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# In mathematics, a function (or map) f from a set X to a set Y is a rule which assigns to each element x of X a unique element y of Y, the value of f at x, such that the following conditions are met: 1) For every x in X there is exactly one y in Y, the value of f at x; 2) If x and y are in X, then f(x) = y; 3) If x and y are in X, then f(x) = f(y) implies x = y; 4) For every x in X, there exists a y in Y such that f(x) = y.

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Okay, so here I haven't inequality that I'm trying to solve with an absolute value. And unfortunately, with these inequalities, you just have to think when you solve them, there's really not a great way. I mean, there's some some methods that you can sort of memorized, but the best way to solve them is just to think about it. Now. The first thing I'm going to do is isolate the inequality. So I'm going to subtract one from both sides, so I have absolute value of X minus two is less than three. Here's where I have to think. How can this be true? Well, X minus two could just be less than three. But at some point I'm gonna have a problem. And that's when if X minus two gets so small that it's actually less than negative three. Because if X minus two is, say, negative four when I take the absolute value, that's not going to be less than three. So I really have to things That must be true for this inequality toe hold. The first one is that X minus two must be less than three. But I also need so I'm putting and here to signify that this also needs to be true. X minus two must be greater. The negative three. And again, That's because what's inside the absolute value when I take the absolute value must be less than three. And if X minus two is less than negative three. When I take the absolute value, I'm going to get something bigger. Okay, so I need to solve both of these inequalities. For the first one, I get X is less than one. No, not one. I'm going to add two. So X is going to be less than five area and then here I'm gonna have X is bigger than negative one. So I get two intervals. I have X less than five. So that's negative. Infinity to five. And then I had X bigger than negative one. So that's going to be negative. One to infinity. And the key word is Aunt, I needed two things to be true and I got to distinct sets. So the and tells me I actually need to intersect them. So the solution is going to be the intersection of these to raise negative, intending to five intersect, negative one to infinity and What do I get? I want all the numbers less than five. Bigger than negative one. Well, that's just the interval. Negative one to find. So this is going to be my solution, SEC.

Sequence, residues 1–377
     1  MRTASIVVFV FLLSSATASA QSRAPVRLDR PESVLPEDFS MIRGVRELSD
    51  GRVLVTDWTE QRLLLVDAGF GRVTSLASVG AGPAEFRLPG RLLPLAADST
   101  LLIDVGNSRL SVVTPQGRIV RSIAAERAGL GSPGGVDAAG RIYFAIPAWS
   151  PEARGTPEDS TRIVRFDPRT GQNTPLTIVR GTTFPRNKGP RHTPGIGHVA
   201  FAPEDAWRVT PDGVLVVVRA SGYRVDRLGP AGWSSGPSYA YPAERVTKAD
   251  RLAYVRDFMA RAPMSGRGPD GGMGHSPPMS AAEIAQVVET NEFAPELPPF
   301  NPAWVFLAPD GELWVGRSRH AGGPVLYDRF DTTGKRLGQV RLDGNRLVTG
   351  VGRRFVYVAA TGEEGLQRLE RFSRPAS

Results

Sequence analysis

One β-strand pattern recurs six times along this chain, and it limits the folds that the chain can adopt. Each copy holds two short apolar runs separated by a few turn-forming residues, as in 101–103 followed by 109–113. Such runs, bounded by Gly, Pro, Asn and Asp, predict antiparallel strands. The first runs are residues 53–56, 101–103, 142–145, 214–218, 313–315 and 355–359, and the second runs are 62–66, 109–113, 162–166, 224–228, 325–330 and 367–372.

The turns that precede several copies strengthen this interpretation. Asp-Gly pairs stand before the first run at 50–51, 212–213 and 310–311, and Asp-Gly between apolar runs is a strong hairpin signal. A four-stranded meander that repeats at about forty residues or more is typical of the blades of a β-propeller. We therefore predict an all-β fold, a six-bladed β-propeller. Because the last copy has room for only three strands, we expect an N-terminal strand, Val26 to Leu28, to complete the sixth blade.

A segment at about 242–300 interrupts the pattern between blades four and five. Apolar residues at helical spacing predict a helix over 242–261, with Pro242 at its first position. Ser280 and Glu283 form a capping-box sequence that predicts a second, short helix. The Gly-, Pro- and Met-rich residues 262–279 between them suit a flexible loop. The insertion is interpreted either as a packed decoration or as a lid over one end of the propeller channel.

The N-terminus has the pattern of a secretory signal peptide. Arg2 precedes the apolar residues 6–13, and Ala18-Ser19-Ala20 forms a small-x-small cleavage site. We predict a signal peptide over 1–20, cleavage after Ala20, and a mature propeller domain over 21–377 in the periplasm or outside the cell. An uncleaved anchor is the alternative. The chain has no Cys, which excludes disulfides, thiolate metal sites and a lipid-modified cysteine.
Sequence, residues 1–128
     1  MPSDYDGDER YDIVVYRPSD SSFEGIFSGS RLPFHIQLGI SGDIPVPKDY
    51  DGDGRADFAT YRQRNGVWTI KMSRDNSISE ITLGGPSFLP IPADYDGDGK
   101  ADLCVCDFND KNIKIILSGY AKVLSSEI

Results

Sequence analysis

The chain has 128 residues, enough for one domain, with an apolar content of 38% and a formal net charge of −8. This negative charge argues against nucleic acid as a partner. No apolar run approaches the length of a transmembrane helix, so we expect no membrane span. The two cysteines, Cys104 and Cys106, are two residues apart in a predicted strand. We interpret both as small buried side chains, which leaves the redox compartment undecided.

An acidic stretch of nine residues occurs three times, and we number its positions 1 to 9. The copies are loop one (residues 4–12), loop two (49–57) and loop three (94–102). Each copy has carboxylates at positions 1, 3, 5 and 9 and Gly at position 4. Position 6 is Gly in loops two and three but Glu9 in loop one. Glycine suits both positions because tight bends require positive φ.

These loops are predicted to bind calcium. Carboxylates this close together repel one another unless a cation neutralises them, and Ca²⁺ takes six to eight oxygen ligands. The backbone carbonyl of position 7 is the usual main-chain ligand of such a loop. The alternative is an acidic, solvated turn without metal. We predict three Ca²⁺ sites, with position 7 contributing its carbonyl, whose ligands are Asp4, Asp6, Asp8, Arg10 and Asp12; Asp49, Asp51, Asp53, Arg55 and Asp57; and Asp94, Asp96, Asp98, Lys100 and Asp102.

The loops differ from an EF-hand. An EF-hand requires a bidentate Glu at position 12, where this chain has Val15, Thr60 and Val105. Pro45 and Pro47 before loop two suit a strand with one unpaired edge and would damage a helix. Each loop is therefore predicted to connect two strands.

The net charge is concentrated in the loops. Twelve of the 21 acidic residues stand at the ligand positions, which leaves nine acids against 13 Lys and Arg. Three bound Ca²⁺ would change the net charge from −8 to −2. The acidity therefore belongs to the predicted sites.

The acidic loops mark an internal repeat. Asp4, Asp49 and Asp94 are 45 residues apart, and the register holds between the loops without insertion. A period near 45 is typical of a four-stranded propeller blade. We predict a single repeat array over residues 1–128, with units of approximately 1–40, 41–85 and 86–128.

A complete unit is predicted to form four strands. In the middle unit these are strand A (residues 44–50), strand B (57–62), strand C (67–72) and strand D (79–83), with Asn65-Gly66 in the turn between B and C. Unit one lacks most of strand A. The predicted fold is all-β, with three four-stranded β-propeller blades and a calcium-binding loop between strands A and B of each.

Georgia Southern University

#### Topics

Limits

Derivatives

Differentiation

Applications of the Derivative

Integrals